Just Joined! DonQuixoteMC's Avatar
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    Ahh. Okay, so what is the life cycle of a Distro? By "ex" you mean that the new software released doesn't support it? Either way, thanks for the heads up, I think that's what I would have gone with if you hadn't mentioned it.

    Do you have any personal suggestion as to what distro I should use? I'm going to mess around with LiveCD's for a while before I commit, but any direction would be greatly appreciated! And I think you're right, GIMP should have everything and more than what I used in Paint.net. I'll still miss it though haha
    I'll also look into WINE, I'm intrigued.

    Thanks for the help!

    Best,
    DonQuixoteMC

  6. #6
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    The life cycle usually refers to the time period during which support and updates are available through the distributions standard repositories. You can simply run the distributions update command or use its Software Manager to get updates. Software may be available after the support period but can't be accessed by the standard method but through archives which may or may not be available depending upon the distribution.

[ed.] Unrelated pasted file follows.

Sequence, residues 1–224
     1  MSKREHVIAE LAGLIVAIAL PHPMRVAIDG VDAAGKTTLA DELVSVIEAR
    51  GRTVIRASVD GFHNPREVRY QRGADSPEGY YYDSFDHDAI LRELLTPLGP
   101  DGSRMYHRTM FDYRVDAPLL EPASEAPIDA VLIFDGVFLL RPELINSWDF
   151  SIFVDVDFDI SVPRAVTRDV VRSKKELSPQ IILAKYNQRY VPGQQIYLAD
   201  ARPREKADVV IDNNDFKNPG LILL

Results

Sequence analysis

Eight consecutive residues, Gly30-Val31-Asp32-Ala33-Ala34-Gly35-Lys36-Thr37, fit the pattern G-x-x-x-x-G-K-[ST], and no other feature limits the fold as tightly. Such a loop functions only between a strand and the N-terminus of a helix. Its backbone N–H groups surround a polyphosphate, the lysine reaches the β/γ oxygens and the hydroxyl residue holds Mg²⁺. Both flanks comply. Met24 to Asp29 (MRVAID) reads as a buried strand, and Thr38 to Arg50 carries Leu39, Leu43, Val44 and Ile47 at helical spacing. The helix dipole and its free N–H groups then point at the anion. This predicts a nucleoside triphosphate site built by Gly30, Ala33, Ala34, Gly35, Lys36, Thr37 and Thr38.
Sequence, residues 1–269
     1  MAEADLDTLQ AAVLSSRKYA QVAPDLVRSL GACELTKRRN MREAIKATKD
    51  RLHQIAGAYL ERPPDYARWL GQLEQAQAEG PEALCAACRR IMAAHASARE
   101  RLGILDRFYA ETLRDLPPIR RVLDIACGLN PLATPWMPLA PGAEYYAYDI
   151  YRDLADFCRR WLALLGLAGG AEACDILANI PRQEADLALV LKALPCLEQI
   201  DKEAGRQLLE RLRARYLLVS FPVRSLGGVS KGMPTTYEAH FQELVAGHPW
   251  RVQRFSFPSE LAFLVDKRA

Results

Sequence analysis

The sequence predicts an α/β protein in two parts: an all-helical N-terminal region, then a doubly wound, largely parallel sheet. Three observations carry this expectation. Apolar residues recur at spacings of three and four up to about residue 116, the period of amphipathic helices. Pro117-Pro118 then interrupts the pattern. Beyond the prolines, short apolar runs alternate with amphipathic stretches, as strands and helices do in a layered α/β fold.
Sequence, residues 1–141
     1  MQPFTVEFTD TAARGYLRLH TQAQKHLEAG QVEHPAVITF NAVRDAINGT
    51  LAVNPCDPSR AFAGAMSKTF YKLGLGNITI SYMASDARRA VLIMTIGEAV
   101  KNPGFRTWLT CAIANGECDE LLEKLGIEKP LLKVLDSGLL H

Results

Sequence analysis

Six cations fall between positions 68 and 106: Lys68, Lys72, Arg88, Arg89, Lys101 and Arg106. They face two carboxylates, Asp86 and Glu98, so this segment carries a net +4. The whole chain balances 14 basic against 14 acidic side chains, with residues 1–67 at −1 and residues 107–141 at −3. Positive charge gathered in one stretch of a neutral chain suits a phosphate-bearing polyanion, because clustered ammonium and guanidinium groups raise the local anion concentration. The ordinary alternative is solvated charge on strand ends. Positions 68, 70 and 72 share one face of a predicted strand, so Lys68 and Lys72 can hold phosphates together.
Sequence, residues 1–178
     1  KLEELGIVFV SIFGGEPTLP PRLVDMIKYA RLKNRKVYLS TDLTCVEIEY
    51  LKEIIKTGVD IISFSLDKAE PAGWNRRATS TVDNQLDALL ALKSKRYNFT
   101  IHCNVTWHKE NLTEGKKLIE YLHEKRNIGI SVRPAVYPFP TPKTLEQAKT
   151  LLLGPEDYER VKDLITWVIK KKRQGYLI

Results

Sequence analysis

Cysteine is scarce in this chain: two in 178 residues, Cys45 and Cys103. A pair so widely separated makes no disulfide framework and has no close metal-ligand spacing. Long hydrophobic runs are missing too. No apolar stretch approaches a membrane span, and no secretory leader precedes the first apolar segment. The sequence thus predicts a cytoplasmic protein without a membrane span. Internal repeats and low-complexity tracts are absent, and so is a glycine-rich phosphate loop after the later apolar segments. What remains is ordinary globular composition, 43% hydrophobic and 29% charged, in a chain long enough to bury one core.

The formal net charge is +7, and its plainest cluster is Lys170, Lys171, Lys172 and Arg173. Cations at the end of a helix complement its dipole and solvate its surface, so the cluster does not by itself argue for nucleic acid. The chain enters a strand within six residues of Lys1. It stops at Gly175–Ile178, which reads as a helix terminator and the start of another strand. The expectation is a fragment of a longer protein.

Using a linux chooser site or going to the distrowatch site which has a listing of the more popular distributions with links to the sites might help.

  7. #7
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    Quote Originally Posted by DonQuixoteMC View Post
    By "ex" you mean that the new software released doesn't support it?
    yancek has covered it very nicely. and in this case, what this would mean for you is that there will be no more new Fuduntu packages. so when a new kernel is put out over at kernel.org, there will be no command to install a pre-packaged kernel from the trusted Fuduntu developers onto your Fuduntu system. And no new GNOME binary packages, or Firefox, or XOrg...you get the picture. you'll have the last version of Fuduntu, circa April 2013, forever. you could still install all those packages yourself from source, but, what is this, Gentoo?! (nerd joke).

    Do you have any personal suggestion as to what distro I should use?